There’s some kid out there that’s watching all these kids sign to “big time” colleges. He’ll sign to a D3, and be in the HOF one day. — Arian Foster (@ArianFoster) February 6, 2013
Every year, in every sport, there are marquee names that grab the attention of fans everywhere. No matter if its deserved attention or simply hype because of their last name, select players dominate recruiting lists, all-star ballots, and newspaper articles. This is especially so in football, where groups such as Scout.com, Rivals.com, ESPN, and more rank players by “stars,” and expect those same players to live by their “all-knowing” rankings.
But each year, these rankings fail to factor in two very important attributes: heart and those who choose to compete every day.
Look at some of the best NFL players in the league today. Arian Foster, the Houston Texans All-Pro running back was a three-star recruit in high school and went undrafted after college. All he’s done in his four NFL seasons is rush for 4,500+ yards and scored 50 touchdowns. New England Patriots wide receiver Wes Welker went undrafted out of Texas Tech (and was only given one Division-I college scholarship offered) and was cut by the San Diego Chargers before his first season even began. Welker is now a 5x Pro Bowler, led the NFL in catches three times, and has caught 38 touchdown passes.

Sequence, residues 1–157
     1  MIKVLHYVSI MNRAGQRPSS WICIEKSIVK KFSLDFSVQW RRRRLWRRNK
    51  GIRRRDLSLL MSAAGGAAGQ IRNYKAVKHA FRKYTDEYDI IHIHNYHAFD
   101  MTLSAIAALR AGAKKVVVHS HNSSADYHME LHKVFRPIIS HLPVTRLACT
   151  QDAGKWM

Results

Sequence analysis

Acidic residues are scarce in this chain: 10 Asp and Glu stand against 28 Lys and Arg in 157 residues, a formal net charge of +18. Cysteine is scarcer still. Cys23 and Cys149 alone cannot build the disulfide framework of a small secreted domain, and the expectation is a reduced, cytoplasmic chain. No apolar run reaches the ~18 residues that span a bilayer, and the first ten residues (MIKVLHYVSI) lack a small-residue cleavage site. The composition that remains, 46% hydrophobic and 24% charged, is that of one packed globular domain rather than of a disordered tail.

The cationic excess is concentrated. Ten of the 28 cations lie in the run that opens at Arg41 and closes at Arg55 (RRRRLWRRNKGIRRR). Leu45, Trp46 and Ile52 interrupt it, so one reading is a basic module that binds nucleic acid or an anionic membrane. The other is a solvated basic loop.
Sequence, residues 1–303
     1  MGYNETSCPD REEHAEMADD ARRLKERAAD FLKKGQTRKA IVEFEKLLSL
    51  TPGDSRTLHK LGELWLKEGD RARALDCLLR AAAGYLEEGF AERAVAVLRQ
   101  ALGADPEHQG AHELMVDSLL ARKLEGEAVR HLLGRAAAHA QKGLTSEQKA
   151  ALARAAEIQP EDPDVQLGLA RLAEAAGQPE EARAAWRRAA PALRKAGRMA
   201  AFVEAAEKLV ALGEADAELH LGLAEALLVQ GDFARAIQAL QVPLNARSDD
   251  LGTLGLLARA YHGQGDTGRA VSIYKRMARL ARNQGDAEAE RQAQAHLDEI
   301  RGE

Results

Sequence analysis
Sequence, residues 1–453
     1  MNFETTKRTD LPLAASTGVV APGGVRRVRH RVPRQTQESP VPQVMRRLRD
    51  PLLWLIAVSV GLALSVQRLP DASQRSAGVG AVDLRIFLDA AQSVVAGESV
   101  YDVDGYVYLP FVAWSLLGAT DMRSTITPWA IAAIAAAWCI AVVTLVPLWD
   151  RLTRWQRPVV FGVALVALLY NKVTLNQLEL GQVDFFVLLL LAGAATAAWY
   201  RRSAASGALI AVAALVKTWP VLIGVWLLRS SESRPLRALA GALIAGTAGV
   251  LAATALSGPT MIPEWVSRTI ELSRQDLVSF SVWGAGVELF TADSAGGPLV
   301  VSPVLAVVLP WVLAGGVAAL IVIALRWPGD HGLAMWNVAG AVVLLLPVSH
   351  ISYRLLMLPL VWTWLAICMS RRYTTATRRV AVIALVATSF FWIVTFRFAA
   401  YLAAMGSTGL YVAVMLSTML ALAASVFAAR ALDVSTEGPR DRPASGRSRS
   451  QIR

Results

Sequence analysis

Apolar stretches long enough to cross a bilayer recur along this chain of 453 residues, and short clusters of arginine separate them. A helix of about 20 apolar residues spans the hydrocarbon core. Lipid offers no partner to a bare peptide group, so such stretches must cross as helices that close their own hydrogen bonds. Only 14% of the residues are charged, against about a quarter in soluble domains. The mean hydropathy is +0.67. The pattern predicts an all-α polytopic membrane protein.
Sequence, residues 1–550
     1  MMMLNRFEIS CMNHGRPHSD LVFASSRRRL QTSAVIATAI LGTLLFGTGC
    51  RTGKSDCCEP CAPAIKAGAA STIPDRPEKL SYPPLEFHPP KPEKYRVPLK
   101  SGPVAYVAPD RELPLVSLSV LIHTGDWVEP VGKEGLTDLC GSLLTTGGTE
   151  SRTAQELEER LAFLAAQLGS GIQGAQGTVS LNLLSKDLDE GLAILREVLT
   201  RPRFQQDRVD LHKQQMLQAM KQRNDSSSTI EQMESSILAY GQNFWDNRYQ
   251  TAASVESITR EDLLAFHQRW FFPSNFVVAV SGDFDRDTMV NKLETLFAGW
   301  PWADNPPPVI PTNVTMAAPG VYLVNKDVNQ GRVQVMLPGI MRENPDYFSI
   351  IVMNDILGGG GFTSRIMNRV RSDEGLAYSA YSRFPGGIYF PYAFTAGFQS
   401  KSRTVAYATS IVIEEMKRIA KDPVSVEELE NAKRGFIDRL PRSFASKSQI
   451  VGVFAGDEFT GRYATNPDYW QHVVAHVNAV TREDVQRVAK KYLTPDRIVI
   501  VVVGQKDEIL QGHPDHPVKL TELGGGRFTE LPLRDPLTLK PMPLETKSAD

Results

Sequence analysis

Both players chose to compete and show they were better than where the “experts” thought they deserved to be. The list doesn’t stop there. Look at the all-time greats. Hall-of-Famer Warren Moon had to go to Canada to prove he could play professional football before the NFL would look at him. Future Hall of Famer Kurt Warner spent numerous years in the Arena Football League before the NFL would give him a shot. Two NFL MVP Awards and three Super Bowl appearances (including one championship) has given him a quick path to Canton.
Oh, and Jerry Rice, the greatest wide receiver of all time, played his college football at tiny Mississippi Valley State University before going to the NFL. It didn’t matter where Rice played, he was determined to show his talent.
The same rules apply to any sport, any person. Ignore who others expect to be the “stars” and “winners” – the only score that matters is the final one. So as you prepare for spring training, the CrossFit Open, or your first semester in college, focus solely on competing for your life. It doesn’t matter whether others rank you – the results are proven in the training room, at the dinner table, and on the playing field. Let all the praise overlooking you simply increase the intensity with which you train and play.
Show them your talents and let all the critics eat their words. Compete Every Day.